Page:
Parent advisory council expresses desire to take high road during
talks about school district cuts
With the threat of school closures striking close to home, Warfield parents are looking to strengthen district relationships.
Webster Elementary School’s Parent Advisory Council wrote a letter this week to Rossland’s two PACs in hopes of clearing the air on any preconceived divisiveness between the two communities – and to offer support in what lies ahead.
“Each of us live in a community with people in Rossland, one way or the other, and have found ourselves tiptoeing,” said Webster PAC executive Jennifer Sirges.
“We care deeply about our neighbours and our relationships and do not want assumptions and misperceptions to colour the way we live in one another’s backyards.”
Sirges is referring to the shelved Planning for the Future document that puts closing Rossland Secondary School in all of its best-case scenarios.
Though introduced as a way to provide information to residents and start a discussion on reconfiguring the school district, the document that could eventually seal the fate of RSS has caused community uproar.
The Warfield parents understand what Rossland is going through and though its schools are not under the axe in the planning document, they feel the future is still uncertain.
“A year ago we were there. In fact, we’re still there,” said Sirges. “There are no guaranteed passes for any schools in the district, and we’re aware we have to work cooperatively to maintain the best possible school system. We want to see children’s education be the priority and we want to balance the chequebook.”
Diana Wilkes, PAC chair for Rossland Secondary School, said they will put together a collective response to Warfield but the message
so far is that many are pleased to see a “refreshing” change from the regular “disheartening” “venom” pressed by community members opposed to Rossland’s desire to keep its schools.
“We’re doing the best we can in our community,” she said. “We’re just trying to keep our heads up.”
Webster’s PAC has made some progress in the neighbourhoods of learning concept, which encourages schools to bring community programs into schools that in turn, provides a new revenue stream and sustains the facility.
“Certainly I can’t speak to everywhere in the province, but certainly the Webster PAC is partnering with the Village of Warfield and others to maximize cost-neutral community use of the school; we wish Rossland every best success with their own similar endeavors,” said Sirges.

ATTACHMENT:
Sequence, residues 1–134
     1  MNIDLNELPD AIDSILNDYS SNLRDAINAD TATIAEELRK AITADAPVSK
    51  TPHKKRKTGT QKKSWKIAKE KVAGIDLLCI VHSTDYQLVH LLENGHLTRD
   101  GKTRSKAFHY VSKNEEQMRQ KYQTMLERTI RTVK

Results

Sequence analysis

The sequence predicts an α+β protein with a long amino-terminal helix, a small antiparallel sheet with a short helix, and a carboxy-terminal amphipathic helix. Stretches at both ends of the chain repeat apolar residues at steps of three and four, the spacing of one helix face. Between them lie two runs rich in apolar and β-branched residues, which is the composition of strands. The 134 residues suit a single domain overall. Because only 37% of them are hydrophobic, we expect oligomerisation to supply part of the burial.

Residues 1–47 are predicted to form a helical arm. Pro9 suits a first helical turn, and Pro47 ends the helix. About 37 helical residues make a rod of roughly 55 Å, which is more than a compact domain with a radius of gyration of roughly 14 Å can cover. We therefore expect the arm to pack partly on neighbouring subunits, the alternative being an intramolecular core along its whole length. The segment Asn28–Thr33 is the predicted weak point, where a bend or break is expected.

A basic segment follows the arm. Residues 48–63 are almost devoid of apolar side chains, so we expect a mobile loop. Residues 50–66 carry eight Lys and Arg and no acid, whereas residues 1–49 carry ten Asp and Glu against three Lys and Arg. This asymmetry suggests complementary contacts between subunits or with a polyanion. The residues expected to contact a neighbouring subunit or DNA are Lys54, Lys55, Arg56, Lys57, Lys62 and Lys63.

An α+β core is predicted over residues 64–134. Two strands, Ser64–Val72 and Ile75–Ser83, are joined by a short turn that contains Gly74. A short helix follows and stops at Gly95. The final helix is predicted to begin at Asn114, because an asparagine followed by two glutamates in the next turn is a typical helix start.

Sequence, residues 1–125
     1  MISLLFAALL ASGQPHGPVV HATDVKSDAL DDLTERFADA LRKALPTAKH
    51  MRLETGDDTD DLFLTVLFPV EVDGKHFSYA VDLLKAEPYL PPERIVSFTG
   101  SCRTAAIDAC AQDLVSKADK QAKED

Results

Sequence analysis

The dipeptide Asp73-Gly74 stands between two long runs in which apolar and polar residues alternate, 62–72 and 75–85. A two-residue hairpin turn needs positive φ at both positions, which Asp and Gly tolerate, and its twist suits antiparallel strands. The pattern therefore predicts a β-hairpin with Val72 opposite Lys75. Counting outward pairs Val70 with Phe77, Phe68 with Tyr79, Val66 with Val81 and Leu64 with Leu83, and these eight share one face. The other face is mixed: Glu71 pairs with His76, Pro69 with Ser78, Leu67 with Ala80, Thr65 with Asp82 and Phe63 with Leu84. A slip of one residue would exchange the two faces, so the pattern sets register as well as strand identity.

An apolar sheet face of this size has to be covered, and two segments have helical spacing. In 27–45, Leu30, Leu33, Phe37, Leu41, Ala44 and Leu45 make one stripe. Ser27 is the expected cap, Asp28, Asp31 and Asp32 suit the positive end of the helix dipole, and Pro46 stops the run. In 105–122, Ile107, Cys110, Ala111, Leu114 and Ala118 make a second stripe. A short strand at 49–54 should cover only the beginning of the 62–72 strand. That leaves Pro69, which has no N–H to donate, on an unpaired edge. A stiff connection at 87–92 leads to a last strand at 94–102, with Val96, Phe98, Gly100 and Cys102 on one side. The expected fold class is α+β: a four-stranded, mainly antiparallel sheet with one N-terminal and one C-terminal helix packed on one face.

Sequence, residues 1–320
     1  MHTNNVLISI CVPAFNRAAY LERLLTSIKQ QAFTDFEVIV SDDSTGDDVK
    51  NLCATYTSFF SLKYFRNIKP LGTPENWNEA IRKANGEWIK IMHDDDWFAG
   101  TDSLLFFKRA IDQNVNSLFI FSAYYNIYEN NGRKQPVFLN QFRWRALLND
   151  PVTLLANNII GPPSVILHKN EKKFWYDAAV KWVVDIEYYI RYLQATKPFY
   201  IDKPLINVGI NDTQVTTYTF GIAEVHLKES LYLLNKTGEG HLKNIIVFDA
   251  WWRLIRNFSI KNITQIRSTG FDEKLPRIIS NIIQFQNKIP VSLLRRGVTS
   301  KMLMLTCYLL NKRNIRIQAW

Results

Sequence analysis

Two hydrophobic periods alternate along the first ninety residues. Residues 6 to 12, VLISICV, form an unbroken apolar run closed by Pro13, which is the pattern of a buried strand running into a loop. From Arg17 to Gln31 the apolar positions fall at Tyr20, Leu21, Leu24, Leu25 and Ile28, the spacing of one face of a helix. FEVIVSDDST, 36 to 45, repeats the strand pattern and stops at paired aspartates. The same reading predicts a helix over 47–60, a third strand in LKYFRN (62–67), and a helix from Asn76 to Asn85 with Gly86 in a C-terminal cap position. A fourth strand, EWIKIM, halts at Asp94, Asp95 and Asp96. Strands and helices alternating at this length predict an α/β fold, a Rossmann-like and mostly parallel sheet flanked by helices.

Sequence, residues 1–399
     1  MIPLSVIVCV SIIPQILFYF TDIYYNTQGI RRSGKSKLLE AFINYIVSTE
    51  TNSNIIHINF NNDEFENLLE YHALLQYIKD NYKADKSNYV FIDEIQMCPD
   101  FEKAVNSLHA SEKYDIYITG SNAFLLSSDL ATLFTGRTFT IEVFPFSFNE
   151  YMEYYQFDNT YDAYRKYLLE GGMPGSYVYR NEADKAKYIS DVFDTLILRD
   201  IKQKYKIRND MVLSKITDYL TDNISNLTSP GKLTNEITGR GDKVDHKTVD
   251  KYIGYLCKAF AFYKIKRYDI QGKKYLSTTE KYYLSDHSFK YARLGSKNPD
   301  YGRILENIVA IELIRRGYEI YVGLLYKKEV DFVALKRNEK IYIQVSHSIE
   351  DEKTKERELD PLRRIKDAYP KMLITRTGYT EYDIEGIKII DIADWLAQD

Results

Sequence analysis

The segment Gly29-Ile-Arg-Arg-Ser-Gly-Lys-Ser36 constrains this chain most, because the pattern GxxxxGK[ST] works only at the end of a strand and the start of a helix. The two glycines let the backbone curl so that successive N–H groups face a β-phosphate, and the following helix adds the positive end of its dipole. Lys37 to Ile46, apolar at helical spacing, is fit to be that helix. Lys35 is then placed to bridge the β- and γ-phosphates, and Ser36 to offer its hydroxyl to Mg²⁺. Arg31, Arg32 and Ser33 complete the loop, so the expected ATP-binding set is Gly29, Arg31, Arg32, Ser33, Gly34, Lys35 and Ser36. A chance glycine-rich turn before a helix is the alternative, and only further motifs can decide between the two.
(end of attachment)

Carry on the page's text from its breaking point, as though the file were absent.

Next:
Warfield council recently agreed to give Webster’s PAC $1,800 toward moving an art program into a school portable, should the parent group receive clearance from the school district.
This after another community approach successfully started up with support from village council.
The Webster After School Care Program, run by Sunshine Children’s Centre, started in September thanks to a financial contribution from the village. The village gave over $10,000 toward the maintenance of the former classroom into a care facility, and both Sunshine and the school’s PAC split the approximate $5,000 cost for materials.
Meanwhile further up the hill, the Rossland Neighbourhoods of Learning has presented an education proposal to the school board to preserve both K-12 education and RSS.
The plan’s first scenario would see K-12 move into Rossland Secondary by 2012 and MacLean Elementary School sold to the city and used as a neighbourhood learning centre with the francophone school also occupying space.
The second option would add neighbourhood-learning wings to RSS with the francophone school and community organizations leasing space in the building to offset costs and generate revenue.
While the plan has garnered letters of interest from organizations, building significant partnerships to share and pay for the learning centre may be a barrier.
“They don’t have the solid criteria they need to have,” said school trustee Toni Driutti, who is beyond frustrated that the public consultation process has been put on hold.
Though each PAC struggles with its own schools during a time where low enrolment determines the worth of the facility, a representative from every school in the district sits on the District Parent Advisory Council to “speak loudly on behalf of parents and children within the school district,” explained Sirges.
“Number one, it’s about the kids and the quality of education that they are able to receive in this district,” she said. “Let’s not lose sight of this fact due to current political or personal pressures.”